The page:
Broadway at the Beach
The Ogunquit Playhouse is proof that sometimes there is no final act. Founded in 1932, the venerable theater was once just one of dozens of regional New England stages that made up the old Straw-Hat Circuit. The theater brought a touch of Broadway to the coast of Maine each summer. The Barrymores, Bette Davis, Steve McQueen, Jessica Tandy, and a host of others found their way to the footlights in the tiny beach community, and more than one ingénue got her big break in front of the playhouse's audiences.
In the long run, though, regional theaters had a survival rate lower than off-Broadway productions. From a peak of some 150 summer stages in the 1950s, today fewer than a dozen of Ogunquit's caliber survive in the Northeast. Yet the playhouse is not only still alive, it's growing, with soaring audience numbers and an ambitious seventy-fifth anniversary season featuring the first performance of the Broadway hit Hairspray outside New York City.
"We'll have a name star in every production," promises Brad Kenney, who took over as executive artistic director in December of 2005. "I'm going after other big titles as well. This will be the Ogunquit Playhouse like it used to be, back in its glory days."
Kenney, who has a background in both theater and the hospitality industry, brings a business and marketing sensibility to the position. Last year the playhouse attracted nearly 80,000 people, up from 46,000 in 2005. Its children's theater programming doubled in size, and its subscription base grew 20 percent in one year. Even its Web site traffic grew by 300 percent over the year before.
"The playhouse board is looking to expand the season and our offerings even more than before," Kenney adds. "Last year we expanded to a sixteen-week season, and this year we're looking at a twenty-week season. Last year we had some of our best weeks in October."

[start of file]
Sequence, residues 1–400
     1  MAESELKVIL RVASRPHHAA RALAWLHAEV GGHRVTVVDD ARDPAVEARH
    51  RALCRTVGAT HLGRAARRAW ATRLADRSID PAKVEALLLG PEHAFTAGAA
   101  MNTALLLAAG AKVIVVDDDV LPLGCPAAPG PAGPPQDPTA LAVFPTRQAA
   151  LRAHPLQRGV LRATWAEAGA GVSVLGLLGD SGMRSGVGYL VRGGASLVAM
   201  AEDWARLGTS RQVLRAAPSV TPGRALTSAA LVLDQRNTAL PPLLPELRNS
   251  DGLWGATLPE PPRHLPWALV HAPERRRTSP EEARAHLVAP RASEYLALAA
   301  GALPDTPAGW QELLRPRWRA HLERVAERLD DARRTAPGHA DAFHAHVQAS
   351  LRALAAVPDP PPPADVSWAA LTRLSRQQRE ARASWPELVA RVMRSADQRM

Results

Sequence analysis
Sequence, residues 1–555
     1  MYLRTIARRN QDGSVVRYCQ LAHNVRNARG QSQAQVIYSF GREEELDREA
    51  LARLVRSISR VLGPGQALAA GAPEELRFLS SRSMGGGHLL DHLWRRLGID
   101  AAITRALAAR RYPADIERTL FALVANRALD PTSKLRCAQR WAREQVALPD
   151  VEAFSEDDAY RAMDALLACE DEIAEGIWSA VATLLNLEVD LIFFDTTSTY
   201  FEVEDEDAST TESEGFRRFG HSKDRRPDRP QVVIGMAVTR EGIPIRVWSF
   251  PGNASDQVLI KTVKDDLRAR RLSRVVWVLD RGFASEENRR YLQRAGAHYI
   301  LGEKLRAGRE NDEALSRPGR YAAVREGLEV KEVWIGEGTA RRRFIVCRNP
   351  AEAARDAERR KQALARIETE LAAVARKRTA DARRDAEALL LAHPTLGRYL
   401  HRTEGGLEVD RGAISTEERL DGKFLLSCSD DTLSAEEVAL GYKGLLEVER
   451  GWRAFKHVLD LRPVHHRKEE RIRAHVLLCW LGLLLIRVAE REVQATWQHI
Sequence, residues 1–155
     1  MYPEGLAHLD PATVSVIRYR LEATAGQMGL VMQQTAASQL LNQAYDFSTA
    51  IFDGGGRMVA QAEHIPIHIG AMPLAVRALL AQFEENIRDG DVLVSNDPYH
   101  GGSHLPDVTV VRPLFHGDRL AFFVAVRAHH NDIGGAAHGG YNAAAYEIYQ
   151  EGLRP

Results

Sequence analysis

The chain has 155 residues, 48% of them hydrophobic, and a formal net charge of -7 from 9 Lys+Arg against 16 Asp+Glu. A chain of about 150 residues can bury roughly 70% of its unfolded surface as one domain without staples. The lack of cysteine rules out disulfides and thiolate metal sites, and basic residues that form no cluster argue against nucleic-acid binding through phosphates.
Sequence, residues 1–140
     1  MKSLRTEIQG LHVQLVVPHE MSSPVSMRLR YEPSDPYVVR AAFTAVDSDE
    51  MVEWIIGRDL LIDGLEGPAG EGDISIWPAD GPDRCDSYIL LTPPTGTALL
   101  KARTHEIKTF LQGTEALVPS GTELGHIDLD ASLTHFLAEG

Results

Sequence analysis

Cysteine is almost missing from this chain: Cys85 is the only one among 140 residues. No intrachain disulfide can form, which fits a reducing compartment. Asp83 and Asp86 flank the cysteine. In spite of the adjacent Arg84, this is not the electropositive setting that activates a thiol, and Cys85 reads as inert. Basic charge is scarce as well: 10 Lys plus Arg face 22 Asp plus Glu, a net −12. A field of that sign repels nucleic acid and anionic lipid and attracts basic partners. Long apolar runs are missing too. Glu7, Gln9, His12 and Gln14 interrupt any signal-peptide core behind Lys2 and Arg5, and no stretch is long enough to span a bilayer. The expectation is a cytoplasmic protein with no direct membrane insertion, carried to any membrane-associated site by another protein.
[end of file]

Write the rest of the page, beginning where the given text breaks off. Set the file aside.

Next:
And all of those shows will be homegrown, rather than provided by the touring companies that were commonly used in the past. "We bring in Broadway costumes, Broadway backgrounds, and Broadway actors for Ogunquit prices," Kenney says. "We're now the pre-eminent Actors Equity regional theater in the country."
Much of the credit for the playhouse's survival belongs to former owner John Lane, a successful producer who bought the 650-seat theater in 1951. In 1995, shortly before his death, he donated the playhouse to a specially created nonprofit foundation [Down East, July 1995].
The other key, Kenney adds, is Ogunquit itself. Theaters "are very fragile things," he notes, "and yet this one has continued to prosper in large part because of its location. Ogunquit has always been a wonderful draw for both stars and audiences. This town has continued to grow, be hip and eclectic, and offer the kind of support a theater needs to survive."
Location and history aren't enough to guarantee the future, though, and Kenney recognizes that. "No theatrical heritage is going to help if you don't have a first-class production on the stage every night," he notes. "Our goal is to be the cutting-edge regional theater in the country. This is going to be Broadway at the beach."